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Exp Toxicol Pathol. 2005 Jul;57 Suppl 1:183-8.

In vitro studies: what is their role in toxicology?

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  • 1National Health and Environmental Effects Research Laboratory, US Environmental Protection Agency, Research Triangle Park, NC 27711, USA.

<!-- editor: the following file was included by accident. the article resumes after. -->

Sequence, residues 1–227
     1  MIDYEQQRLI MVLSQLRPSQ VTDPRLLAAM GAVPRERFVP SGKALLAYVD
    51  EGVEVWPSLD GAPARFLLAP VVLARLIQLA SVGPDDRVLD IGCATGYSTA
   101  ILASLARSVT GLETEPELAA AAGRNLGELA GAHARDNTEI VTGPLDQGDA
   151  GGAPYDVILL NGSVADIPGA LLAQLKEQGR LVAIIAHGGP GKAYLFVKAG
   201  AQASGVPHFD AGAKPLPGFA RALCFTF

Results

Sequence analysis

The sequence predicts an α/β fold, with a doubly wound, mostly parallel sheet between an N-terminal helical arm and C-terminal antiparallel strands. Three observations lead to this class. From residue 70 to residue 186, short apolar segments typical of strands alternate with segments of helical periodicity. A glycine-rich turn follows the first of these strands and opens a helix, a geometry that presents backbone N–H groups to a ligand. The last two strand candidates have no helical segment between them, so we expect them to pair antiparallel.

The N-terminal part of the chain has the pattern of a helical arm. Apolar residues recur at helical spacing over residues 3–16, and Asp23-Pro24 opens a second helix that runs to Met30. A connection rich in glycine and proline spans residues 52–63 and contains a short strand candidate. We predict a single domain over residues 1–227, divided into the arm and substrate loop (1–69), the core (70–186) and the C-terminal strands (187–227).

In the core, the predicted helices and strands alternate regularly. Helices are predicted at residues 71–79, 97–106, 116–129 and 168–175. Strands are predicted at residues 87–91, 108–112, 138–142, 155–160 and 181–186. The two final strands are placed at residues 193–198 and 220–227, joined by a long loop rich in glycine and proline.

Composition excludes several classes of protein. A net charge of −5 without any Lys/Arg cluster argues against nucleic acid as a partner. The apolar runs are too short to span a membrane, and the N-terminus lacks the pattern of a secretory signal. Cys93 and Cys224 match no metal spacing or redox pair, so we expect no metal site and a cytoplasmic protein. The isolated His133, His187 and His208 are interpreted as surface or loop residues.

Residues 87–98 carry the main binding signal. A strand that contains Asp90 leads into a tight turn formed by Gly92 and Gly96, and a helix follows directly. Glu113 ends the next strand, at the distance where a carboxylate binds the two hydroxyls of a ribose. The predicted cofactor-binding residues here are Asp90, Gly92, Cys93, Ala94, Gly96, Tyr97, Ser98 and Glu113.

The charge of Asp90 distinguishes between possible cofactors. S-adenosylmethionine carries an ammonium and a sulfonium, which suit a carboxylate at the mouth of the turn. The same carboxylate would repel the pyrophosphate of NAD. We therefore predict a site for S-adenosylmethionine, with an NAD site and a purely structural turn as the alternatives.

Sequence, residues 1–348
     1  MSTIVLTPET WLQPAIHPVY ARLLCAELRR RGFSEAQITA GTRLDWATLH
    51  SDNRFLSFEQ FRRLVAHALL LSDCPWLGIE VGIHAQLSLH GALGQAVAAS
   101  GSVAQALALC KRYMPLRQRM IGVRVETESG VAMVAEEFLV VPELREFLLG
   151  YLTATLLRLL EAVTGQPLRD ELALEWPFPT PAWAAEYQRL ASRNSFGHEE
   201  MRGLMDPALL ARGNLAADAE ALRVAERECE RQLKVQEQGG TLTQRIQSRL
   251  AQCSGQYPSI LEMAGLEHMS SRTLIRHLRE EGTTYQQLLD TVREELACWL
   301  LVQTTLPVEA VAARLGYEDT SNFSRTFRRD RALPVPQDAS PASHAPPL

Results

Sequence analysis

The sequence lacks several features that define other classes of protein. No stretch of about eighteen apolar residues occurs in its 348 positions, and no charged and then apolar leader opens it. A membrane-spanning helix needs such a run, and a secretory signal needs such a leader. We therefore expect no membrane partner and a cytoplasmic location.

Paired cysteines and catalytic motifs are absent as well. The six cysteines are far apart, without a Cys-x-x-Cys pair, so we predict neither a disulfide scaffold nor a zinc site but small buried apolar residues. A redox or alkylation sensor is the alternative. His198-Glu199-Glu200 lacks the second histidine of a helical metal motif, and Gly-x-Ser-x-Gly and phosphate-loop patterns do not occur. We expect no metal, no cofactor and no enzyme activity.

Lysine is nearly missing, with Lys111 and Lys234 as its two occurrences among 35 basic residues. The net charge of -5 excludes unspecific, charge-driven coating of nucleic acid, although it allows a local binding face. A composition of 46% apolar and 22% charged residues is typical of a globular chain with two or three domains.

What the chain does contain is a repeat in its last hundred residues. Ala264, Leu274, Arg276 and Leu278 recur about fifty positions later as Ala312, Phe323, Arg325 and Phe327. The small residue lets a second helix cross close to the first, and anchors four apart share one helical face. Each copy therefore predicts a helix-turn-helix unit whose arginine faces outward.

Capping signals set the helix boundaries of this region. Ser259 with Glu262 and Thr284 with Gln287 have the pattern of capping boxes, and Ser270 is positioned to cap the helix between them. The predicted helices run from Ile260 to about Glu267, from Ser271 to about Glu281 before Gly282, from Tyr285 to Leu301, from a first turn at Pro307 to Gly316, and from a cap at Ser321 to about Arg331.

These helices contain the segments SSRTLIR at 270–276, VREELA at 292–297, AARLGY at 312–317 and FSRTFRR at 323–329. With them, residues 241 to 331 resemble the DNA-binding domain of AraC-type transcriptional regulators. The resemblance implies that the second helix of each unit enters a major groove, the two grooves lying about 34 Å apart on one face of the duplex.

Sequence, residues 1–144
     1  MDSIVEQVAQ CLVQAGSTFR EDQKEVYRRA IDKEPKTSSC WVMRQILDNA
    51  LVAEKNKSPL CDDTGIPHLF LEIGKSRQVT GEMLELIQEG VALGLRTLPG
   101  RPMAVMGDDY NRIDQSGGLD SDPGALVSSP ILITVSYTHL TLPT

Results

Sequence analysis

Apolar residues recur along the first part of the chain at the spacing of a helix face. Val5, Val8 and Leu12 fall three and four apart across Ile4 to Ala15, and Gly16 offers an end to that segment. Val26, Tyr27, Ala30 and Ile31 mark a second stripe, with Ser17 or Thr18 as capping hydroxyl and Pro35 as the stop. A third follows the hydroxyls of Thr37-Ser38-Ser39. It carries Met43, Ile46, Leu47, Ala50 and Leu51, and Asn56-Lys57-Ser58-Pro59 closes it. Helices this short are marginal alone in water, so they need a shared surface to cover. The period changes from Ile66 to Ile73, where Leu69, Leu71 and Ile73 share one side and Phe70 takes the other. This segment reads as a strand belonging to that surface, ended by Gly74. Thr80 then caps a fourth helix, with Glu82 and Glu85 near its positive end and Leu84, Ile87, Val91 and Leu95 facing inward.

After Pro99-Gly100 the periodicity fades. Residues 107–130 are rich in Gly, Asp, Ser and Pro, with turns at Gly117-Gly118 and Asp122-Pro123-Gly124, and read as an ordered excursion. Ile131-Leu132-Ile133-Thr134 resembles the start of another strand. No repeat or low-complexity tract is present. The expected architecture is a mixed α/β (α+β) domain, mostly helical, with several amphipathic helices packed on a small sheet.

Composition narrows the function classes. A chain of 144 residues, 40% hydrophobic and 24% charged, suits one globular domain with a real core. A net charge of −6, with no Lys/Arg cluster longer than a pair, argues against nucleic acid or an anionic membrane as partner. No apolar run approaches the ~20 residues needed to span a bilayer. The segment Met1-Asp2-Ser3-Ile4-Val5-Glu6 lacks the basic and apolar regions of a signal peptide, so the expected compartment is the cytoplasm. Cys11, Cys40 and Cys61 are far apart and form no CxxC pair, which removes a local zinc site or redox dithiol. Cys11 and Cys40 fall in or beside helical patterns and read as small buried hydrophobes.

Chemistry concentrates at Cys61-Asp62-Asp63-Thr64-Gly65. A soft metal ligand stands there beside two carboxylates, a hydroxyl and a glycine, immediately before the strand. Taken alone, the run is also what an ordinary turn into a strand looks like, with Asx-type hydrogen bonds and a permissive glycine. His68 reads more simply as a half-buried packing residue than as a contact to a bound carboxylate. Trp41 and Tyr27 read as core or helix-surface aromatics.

Many epidemiology studies have reported associations between inhaled environmental pollutants, especially particles, and mortality or morbidity. Despite these impressive associations, fundamental uncertainties exist as to the underlying pathophysiological mechanisms responsible for mortality or morbidity following exposure to air pollutants. In vitro toxicology provides a powerful approach to describe these mechanisms at the cellular, biochemical, and molecular level. This manuscript will describe some advantages and limitations of in vitro toxicology studies in comparison with epidemiology studies, and human and animal exposure studies. A recent example will also be presented which demonstrates that the response of cultured cells to air pollution particles is similar to the response seen following in vivo exposure to the same particles. This coherence between an in vivo and in vitro response provides relevance to additional in vitro studies that characterize the mechanisms by which these particles cause adverse health effects.

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